“If you want to show up and be seen in your life, you’re going to get your ass kicked.”

Brene Brown

I recently finished a book by Jeremy Utley and Perry Klebahn entitled Ideaflow: The Only Business Metric that Matters. The book talks a lot about ideas and their power. The authors go to great lengths to explore ways to nurture ideas, how to work in teams to enhance ideas, and how to turn ideas into reality. They also talk about how organizations and leaders can act to nurture ideas instead of quashing them and the creativity that creates them. It’s that creativity that is essential to a vibrant, innovative enterprise.

I thought a lot about this book and its “ideas” while at the American Bar Association TechShow this past week. Lots of ideas flowing out of the exhibit floor and from an incredible array of thought-provoking speakers and commentators. As always, it’s a great show. It’s great because it’s powered by ideas and the wherewithal of idea makers to push their ideas often in the face of unrelenting pressure.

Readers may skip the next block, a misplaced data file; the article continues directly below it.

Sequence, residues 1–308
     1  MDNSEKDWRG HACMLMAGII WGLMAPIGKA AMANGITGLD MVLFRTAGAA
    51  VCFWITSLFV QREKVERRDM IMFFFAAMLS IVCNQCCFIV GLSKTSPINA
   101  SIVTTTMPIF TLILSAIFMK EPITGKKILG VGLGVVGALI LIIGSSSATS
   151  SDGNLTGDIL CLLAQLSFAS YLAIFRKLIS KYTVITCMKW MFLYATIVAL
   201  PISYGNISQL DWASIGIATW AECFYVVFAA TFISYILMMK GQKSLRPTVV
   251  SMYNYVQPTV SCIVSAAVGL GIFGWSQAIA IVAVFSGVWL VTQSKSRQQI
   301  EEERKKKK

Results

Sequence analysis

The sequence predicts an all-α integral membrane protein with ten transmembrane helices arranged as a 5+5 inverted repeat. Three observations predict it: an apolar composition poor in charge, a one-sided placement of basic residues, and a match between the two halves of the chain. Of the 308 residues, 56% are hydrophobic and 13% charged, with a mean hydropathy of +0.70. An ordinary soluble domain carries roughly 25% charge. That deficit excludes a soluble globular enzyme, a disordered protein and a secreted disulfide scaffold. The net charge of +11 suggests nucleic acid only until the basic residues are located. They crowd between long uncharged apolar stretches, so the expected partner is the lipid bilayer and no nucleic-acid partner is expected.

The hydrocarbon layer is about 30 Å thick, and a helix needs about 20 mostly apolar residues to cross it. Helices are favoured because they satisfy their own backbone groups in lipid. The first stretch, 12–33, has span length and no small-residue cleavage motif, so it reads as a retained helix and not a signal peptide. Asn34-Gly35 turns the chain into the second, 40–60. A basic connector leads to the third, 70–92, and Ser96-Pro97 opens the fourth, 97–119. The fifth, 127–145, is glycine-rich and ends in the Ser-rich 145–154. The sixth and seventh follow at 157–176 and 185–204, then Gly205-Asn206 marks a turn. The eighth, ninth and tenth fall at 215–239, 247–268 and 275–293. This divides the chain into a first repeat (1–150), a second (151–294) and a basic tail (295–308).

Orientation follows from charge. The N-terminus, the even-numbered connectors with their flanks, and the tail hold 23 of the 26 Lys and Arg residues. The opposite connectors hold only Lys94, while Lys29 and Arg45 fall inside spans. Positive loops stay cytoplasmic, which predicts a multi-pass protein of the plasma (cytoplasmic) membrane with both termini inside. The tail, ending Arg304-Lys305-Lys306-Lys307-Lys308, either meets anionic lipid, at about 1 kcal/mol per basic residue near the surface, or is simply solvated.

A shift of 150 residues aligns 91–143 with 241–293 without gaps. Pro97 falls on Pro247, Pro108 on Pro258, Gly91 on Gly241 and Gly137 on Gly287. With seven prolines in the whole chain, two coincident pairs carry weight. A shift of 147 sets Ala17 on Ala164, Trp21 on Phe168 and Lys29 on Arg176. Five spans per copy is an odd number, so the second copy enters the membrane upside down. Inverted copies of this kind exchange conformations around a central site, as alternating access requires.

The truth is nothing happens without ideas. To solve any problem, you have to have ideas. In most cases, there needs to be a plethora of ideas, some you might think are good, some bad, some you think will work, and even some you think won’t. That’s part of the process of getting a good result.